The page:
“The respect and trust that exists for the FOP right now is so low, it's around the level of Donald Trump in Philly,” Krasner said in an interview near his downtown office. “I'm not running nationally. I'm running here. If I'm in the leadership of the FOP, if I'm a Trumpie, if I am a fake Democrat like my opponent, then I would not want to be facing the Philadelphia electorate right now.”

The 60-year old Krasner, who had never sought office before 2017, was not the first criminal justice reformer to take over a DA's office. The year before, the liberal philanthropist George Soros funded a network of PACs to support reformers running to become city and county prosecutors, identifying typically low-profile, low-turnout contests where ad buys could swing elections. As cities grew more liberal and Republicans in them grew less relevant, candidates who ran on undoing “mass incarceration” could win elections.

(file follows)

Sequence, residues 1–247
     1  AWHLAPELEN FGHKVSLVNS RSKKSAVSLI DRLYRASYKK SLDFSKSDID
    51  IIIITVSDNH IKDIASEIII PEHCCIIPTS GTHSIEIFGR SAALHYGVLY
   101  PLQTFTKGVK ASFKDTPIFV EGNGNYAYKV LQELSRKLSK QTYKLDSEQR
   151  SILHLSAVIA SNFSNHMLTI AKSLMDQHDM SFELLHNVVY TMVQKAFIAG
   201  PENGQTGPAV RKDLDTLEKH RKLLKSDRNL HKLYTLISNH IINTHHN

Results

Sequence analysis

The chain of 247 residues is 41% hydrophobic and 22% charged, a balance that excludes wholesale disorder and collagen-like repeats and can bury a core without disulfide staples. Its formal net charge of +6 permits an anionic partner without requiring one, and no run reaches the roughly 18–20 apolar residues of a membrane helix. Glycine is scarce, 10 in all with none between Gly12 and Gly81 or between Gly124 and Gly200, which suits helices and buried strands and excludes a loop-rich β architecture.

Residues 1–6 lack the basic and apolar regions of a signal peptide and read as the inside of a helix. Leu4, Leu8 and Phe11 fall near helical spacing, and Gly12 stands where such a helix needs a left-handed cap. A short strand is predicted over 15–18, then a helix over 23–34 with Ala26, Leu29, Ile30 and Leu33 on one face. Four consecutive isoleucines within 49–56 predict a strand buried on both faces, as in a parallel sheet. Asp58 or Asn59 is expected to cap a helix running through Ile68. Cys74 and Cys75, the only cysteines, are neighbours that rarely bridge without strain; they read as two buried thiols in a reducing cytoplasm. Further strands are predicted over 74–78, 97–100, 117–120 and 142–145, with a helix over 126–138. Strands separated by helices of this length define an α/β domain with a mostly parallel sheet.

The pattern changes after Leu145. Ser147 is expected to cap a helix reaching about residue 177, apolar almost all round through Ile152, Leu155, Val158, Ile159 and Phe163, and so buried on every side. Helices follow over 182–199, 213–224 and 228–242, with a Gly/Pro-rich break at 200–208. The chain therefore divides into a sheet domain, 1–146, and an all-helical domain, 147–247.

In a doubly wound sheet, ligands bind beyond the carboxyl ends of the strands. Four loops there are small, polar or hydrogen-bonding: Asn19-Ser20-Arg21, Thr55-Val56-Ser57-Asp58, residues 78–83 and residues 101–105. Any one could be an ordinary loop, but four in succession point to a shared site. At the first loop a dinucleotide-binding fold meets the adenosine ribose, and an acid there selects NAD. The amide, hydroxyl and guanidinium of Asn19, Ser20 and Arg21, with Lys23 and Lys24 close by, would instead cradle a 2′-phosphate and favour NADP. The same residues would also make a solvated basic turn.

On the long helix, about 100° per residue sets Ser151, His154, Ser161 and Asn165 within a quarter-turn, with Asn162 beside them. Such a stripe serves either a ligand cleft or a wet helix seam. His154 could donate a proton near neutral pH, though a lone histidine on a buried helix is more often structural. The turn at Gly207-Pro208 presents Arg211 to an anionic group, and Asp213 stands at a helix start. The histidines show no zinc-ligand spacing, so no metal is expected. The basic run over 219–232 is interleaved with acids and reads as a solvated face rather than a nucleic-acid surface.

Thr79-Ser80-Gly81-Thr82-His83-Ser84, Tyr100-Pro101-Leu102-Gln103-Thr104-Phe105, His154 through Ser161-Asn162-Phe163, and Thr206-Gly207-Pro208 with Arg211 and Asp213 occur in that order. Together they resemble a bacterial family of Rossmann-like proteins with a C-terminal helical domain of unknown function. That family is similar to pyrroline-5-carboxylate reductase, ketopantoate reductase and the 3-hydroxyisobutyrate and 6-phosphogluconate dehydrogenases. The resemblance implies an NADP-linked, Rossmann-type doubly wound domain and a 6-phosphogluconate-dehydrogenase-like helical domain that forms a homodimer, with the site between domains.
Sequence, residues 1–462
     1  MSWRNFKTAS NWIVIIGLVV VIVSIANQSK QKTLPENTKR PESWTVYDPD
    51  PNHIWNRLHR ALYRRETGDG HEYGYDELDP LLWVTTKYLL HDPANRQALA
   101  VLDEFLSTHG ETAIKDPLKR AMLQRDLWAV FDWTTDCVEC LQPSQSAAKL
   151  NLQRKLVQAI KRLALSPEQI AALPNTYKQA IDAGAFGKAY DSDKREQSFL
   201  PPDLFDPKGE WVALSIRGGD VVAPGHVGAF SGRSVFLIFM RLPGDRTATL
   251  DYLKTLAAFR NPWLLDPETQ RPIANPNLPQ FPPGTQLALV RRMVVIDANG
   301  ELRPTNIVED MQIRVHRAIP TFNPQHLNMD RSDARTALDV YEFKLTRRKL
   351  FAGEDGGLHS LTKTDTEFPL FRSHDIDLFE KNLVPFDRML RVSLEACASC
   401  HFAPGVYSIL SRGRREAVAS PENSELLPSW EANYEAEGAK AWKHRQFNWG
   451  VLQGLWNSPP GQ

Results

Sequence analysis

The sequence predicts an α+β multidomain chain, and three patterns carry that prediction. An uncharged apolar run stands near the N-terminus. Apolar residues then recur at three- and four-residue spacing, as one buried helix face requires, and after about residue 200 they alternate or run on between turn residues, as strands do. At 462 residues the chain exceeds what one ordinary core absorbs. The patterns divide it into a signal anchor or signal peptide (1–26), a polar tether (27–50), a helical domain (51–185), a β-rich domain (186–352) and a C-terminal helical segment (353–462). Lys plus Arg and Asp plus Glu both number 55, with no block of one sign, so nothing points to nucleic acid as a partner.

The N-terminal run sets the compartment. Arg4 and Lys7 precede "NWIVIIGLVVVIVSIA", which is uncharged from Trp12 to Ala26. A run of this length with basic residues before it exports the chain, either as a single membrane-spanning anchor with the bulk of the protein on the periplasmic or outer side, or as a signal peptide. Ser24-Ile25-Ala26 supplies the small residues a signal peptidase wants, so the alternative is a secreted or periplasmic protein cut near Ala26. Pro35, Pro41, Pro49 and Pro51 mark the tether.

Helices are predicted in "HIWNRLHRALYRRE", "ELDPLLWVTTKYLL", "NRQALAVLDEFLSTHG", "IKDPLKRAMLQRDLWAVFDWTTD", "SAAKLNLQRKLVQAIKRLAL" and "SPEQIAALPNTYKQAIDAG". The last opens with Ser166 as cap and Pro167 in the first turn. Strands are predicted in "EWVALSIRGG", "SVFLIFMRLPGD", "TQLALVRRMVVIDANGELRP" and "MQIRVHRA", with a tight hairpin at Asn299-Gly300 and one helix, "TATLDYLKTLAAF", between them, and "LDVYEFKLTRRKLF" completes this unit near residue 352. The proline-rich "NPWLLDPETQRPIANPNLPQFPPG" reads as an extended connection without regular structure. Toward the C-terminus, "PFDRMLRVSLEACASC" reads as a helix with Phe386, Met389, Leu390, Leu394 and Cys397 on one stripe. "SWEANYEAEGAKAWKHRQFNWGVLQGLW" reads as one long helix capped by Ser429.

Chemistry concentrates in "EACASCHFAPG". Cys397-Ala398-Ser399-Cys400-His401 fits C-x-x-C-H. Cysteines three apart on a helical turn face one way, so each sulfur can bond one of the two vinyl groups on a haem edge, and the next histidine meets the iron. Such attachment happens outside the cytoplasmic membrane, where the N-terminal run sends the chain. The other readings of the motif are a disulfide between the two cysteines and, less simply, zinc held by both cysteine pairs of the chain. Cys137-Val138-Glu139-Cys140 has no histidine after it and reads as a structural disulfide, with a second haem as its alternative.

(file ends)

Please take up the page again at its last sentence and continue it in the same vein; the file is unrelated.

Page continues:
Krasner quickly became the best-known of the reformer DAs, laying off 31 prosecutors as soon as he took office and clashing with ambitious prosecutors in both parties. Former U.S. attorney Bill McSwain, who has accused Krasner of advancing a “radical pro-defendant ideology,” is a likely Republican candidate for governor; state Attorney General Josh Shapiro, who hired some of the fired prosecutors that Krasner called “war criminals,” is a likely Democratic gubernatorial opponent.